Discussions

News: PostgreSQL 8.3 released, offers many performance enhancements

  1. PostgreSQL 8.3, an open-source database licensed under the BSD license, has been released. Updates include heap-only tuples (meaning that a given tuple may not necessarily have to be synchronized to disk), asynchronous commits, SQL/XML support, and full-text search (which was an add-on in the past.) There are lots of other features, of course, some of which may be even more relevant based on your needs. It's quite interesting how much attention Sun has given PostgreSQL 8.3's release (being quoted as being ebullient in the press releases, for example), despite supporting Apache Derby (as JavaDB), and just having announced an intent to acquire MySQL. In any case, though, PostgreSQL is probably the "next step up" for those for whom MySQL has proven inadequate, and this release looks very good with its implications for performance under load and its applications in data warehousing.
  2. Postgres Backup[ Go to top ]

    Hi, Congratulation to the PostgreSQL team. Always happy to see our choice of PG many years ago was the right one. One Question, anybody know a good backup tool for PostgreSQL support PITR or simlar fast restore capabilities ? Thanks for any help, Holger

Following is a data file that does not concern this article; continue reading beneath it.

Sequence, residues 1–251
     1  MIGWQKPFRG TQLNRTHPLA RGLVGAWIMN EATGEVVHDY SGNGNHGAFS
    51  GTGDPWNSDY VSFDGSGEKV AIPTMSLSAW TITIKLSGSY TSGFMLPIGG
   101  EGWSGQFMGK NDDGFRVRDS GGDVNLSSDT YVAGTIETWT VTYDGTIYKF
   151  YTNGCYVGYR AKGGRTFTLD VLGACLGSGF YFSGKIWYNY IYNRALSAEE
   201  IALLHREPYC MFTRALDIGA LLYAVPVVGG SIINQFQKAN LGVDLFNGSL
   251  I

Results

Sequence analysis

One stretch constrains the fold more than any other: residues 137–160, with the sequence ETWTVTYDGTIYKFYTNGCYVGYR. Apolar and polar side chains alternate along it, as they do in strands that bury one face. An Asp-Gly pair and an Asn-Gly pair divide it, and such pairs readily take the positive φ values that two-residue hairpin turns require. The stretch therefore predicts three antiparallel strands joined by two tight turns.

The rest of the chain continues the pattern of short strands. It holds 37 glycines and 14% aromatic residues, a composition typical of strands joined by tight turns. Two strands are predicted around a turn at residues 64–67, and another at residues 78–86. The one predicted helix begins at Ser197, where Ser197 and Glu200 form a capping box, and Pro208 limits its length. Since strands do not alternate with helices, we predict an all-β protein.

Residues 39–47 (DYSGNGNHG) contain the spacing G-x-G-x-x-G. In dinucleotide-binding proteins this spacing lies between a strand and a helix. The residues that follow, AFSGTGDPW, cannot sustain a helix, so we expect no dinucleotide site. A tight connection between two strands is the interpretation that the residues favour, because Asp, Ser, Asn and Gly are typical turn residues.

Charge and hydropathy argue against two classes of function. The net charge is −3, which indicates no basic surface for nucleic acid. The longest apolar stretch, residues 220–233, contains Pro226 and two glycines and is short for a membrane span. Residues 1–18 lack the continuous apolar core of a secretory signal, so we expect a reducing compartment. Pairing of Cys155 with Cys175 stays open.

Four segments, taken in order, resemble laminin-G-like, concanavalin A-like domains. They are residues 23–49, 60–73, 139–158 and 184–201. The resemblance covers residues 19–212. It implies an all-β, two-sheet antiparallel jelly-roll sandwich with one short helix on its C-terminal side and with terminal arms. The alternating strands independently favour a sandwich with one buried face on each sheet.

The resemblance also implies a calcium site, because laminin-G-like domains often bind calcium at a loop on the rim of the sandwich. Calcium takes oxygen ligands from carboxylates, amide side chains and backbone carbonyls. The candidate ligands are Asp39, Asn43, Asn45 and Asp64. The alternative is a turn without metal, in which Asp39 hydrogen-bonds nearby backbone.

3. Re: Postgres Backup[ Go to top ]

    We use PostgreSQL extensively 5 years for now and have almost no problems with it, perfomance for our tasks is also VERY good. Always recommend it for our customers. --- Maxim Kramarenko TrackStudio - Hierarchical issue tracking.
  4. PostgreSQL looks rock solid - definitely going to try it out.
  5. PostgreSQL looks rock solid - definitely going to try it out.
    It is it is among the best DBs out there and definitely the best OSS db in existence!
  6. PostgreSQL is really great. Simple install, great mailing list. There is one feature that kind of always suprised me, is that only allow you to create functions, there isnt a create procedure statement, and the trigger statements as far as i know only allow you to excute a function, so you can't just embed the code in the trigger! I know it's not a big deal, just weird! PG also need to be tied to any promosing OLAP and Reporting Solution. Where I work we use the MS SQL stack (SSIS, SSRS, SSAS) (Integration, Reporting and Analysis services) the integration is key and the reason why we really can never affort to switch to another DB
  7. Does anyone know the (non political) reasons for using Oracle instead of PostgreSQL?
  8. Easier major version upgrade process
  9. In enterprises (i.e big financial companies) features like RAC, enterprise backup capabilities, database on raw partition, compatibility with enterprise storage (SAN,...) is needed. In mission critical places like a bank you need extensive features of a database like Oracle. I can not even think of having a 1+ Tera Bytes Postgresql database. For fast web serving purpose (like my website with 70 million page views/month with multiple complex queries on a page) I will not even think about oracle though. I will definitely choose MySQL in that case.
  10. I can not even think of having a 1+ Tera Bytes Postgresql database
    There are active PostgreSQL systems in production environments that manage in excess of 4 terabytes of data. see http://www.postgresql.org/about